I was vacuuming today, which was long overdue, as was brushing cat fur off the furniture. It was interesting; I discovered that we have a paisley sofa and some colorful Persian rugs under all the fur.
While I was cleaning, a strong smell wafted in with the breeze. It was strangely familiar and awful. Then I realized: skunk. Up close. When you smell skunk at close range, it's very different from the usual whiffs you get. It smells like a petroleum-based chemical and it's hard to imagine a cute little animal producing it.
I know this because, during my junior year of high school, our demonic tiger cat, Kelly, tried to catch a skunk.
Smelling skunk today was a Proustian madeleine; I was overcome with memories of that insane creature, the first cat my parents allowed me to have at home, when I was 9. Until then, my grandmother kept a series of alley cats for me, and I spent as much time as possible at her house.
Kelly was neutered but he attacked cats, dogs, neighbors, and us. He didn't like the fact that we would lie across "his" sofa late at night, so he'd sneak up and suddenly attack my sister or me, with fangs, claws, and all of his strength, as we were mindlessly relaxing, zoned out with Alfred Hitchcock, The Night Gallery, or Burns and Allen. Eventually we became paranoid. We learned to peer surreptitiously over the edge of the couch from time to time, just in case a pair of glowing eyes and flattened ears were preparing to strike. If he was there, and annoyed, we'd quietly reach for a sofa cushion and bean him with it. It was purely self-defense. And it didn't always work. We were covered with scars in those days.
Kelly liked to climb trees and wait for people to walk underneath so he could drop on them and scare them half to death. He once chased my aunt from our kitchen to her car, which was fine with me and my dad — she was allowed to smoke in our house, being my mom's only sister. My dad and I hated cigarette smoke and it seems Kelly did, too. But Kelly liked cigarettes themselves; he used to find my brother's packs of Marlboros, fish one out, and eat the tobacco.
He also loved chocolate milk. My mother made me a thermos of it every day for my school lunch. She used Bosco syrup, which was wonderful stuff. On weekends and in summer, she still had to make a small bowl of it for Kelly first thing in the morning, or he'd bite her.
No wonder I love cats! Kelly was SO interesting to have around. He fought all the time, and came home bloody and purring with pride. I learned how to clean wounds, treat abcesses and give preventive antibiotics because our vet was tired of dealing with him. Kelly brought us dead birds, baby rabbits, and locusts all the time. Disposal was usually my job; I used a large shovel for transport. Despite his temper, Kelly let me dress him up in doll hats and those plastic fake noses with eyeglasses attached. He sometimes wore a lot of necklaces, with blue Yardley mascara on his whiskers, or bunny ears tied under his chin. He got wheeled around in baby carriages at high speed. And he tolerated it all for long stretches of time — as long as you didn't laugh at him. If you giggled, consider yourself dead.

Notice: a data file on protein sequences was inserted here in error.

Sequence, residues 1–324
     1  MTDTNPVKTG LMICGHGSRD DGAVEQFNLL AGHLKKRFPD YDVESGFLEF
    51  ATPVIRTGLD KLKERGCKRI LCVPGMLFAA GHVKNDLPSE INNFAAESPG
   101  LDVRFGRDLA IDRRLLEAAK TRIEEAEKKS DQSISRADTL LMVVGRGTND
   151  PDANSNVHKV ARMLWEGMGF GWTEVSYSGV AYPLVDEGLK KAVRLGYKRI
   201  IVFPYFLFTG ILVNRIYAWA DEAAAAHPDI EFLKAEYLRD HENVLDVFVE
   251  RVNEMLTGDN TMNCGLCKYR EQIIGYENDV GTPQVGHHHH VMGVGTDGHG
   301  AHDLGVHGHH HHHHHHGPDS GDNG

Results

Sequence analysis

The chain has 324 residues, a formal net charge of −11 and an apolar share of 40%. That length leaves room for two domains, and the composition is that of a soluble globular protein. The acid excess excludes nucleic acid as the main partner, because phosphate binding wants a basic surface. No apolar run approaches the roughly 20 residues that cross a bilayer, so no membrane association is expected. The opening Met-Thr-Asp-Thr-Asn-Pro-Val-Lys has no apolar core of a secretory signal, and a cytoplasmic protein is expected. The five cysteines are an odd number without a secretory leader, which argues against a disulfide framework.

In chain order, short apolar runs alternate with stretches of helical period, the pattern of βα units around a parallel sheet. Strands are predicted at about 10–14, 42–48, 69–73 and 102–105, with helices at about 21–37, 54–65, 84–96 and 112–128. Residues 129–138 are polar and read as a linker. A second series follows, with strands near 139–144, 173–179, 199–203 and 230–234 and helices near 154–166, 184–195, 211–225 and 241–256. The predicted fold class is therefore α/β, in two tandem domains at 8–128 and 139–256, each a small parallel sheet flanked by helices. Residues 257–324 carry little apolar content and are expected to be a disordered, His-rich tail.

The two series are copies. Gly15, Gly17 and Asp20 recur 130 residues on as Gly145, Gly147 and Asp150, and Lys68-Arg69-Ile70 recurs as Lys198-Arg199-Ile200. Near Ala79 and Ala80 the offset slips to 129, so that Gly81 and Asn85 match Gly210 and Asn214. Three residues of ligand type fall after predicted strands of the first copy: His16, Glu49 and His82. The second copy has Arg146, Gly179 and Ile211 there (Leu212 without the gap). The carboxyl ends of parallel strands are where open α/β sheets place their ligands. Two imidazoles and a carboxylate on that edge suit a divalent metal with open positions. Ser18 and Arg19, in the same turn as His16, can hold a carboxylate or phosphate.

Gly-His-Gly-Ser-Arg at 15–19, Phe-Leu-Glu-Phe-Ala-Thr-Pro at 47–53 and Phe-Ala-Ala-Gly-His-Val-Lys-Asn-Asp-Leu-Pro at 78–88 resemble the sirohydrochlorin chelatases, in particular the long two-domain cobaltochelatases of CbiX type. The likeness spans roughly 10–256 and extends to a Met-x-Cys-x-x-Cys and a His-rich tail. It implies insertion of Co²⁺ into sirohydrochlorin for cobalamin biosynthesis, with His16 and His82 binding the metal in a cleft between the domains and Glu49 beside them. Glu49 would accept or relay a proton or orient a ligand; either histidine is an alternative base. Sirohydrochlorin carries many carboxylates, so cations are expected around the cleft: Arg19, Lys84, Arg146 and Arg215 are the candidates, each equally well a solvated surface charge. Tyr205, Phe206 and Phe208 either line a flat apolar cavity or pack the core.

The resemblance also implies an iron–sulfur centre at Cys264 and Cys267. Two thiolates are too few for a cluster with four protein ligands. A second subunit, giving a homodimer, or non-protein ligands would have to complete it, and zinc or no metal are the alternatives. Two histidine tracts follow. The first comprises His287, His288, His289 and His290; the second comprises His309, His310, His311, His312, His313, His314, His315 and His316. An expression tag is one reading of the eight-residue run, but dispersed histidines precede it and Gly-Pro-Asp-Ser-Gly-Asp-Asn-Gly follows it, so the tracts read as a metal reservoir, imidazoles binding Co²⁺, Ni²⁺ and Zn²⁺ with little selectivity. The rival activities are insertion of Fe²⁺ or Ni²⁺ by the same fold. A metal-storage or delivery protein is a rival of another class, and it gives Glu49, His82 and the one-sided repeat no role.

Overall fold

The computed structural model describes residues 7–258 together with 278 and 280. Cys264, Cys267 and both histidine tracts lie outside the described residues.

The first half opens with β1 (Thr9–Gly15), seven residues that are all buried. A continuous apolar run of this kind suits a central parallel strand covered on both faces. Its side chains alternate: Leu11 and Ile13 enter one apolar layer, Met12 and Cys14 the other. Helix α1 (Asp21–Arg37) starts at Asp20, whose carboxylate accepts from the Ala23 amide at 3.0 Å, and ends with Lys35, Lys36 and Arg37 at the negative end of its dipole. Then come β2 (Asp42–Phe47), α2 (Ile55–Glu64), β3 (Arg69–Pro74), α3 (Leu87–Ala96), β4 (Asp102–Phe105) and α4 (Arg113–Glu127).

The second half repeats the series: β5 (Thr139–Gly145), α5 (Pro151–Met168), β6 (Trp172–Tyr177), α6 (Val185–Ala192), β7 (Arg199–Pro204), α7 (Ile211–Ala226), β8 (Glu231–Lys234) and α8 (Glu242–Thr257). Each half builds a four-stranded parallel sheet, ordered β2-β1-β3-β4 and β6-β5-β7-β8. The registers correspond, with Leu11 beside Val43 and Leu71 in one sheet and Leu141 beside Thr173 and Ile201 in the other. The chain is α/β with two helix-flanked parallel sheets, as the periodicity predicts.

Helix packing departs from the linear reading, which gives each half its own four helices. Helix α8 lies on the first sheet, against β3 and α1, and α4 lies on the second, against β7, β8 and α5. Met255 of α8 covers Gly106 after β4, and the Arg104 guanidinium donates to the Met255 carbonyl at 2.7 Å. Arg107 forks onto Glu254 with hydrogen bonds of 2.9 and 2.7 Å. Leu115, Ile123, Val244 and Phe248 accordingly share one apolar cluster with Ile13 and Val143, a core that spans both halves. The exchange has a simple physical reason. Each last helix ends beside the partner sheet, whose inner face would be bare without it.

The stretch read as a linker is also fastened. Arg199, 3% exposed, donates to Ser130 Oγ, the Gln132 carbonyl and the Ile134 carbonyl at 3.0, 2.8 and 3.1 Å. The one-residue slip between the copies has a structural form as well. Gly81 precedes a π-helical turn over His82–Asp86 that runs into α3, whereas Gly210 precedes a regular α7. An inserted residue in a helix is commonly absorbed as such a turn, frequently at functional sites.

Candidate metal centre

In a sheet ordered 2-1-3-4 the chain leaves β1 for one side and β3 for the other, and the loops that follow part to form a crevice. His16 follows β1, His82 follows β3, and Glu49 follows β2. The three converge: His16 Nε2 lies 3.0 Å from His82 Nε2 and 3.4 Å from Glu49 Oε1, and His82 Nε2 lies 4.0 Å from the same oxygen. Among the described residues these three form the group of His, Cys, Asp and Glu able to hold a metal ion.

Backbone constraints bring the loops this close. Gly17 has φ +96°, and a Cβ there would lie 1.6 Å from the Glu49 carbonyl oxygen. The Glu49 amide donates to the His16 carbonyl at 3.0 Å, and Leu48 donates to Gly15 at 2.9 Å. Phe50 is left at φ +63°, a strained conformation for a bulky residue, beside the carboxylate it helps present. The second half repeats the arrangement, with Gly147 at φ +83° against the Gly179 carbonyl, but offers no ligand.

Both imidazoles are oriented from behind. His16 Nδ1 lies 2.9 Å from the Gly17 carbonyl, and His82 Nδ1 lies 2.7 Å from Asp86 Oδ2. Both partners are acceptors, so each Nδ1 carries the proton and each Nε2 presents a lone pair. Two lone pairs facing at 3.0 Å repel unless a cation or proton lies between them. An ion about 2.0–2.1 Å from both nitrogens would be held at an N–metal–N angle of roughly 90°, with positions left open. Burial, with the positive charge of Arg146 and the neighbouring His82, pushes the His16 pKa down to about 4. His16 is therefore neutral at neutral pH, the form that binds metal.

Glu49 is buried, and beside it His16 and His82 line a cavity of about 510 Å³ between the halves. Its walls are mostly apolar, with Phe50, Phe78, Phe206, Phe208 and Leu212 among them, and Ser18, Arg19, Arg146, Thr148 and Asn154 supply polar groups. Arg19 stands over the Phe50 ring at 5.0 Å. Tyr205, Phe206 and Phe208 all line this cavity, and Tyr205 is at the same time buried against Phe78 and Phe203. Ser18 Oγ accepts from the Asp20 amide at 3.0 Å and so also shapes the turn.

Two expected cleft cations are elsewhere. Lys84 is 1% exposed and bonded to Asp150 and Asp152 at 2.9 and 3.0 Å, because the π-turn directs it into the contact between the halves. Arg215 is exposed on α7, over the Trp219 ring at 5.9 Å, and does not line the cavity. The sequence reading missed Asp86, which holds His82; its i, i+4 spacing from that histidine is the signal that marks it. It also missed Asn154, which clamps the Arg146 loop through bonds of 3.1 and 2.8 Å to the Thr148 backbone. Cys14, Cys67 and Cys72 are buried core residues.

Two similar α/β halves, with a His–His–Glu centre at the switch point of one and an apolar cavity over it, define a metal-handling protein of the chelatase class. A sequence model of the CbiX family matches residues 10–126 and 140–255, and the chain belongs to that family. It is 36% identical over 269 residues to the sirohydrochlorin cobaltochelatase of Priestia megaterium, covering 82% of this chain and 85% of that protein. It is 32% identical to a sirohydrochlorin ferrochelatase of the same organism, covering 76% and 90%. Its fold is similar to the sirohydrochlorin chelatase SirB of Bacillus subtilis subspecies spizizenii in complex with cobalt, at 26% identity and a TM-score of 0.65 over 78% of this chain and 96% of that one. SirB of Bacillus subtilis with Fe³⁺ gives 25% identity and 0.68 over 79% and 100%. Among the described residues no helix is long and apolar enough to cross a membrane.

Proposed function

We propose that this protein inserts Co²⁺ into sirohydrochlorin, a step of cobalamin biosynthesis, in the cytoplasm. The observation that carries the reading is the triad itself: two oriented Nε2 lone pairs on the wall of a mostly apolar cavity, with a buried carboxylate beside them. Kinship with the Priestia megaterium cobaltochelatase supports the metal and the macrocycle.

When he tangled with the skunk, it was a school night. he came inside reeking horribly and looking even more disturbed than usual. My mother was in bed, and my dad was in the basement, watching TV. To keep Kelly out of his basement (he liked to pee in the drain), my dad had attached one of his homemade electronic gizmos to the door. It was designed to give Kelly a mild shock to keep him away, and us, too. I can still feel the shock of it on my bare leg. But Kelly often decided that hanging out with my dad in the basement was well worth a little electrocution; eventually my dad disconnected it.
Anyway, on the night in question, my parents abandoned me. The smell filled the house, but it was so strong, it took us a while to figure it out. Then: "He's your cat!" they said. My mother went back to bed and closed her door. It was around 11, so my dad left early for the night shift at the steel company. And I was stuck alone, with a vicious beast covered in skunk juice. It was so strong it was hard to breathe normally.
I think I peaked intellectually and creatively in high school; at any rate, I knew a lot about cats and I knew what to do. The antidote is tomato juice, but we didn't have any, so I opened a can of Campbell's tomato soup. I smeared it all over Kelly, noting that he was so miserable that he didn't put up a fight. I found a large fitted sheet, plopped him in the middle, and wrapped him up into a bundle. I put the bundle in the bathtub and turned on the shower. I rubbed him through the protective layers of the sheet, and slowly the soup and the stench rinsed off. When I heard him gurgle, I turned off the water, unwrapped him from the sheet, and toweled him off.
For several months afterward, there was one stinky spot on his head that I'd missed, a little souvenir. But the soup really worked, so keep this handy tip in mind.
I still can't believe my parents left me to take care of this all by myself. Can you imagine parents doing that now? These days, parents would probably call in a disaster clean-up company and send their kids to a nice hotel until the house smelled okay.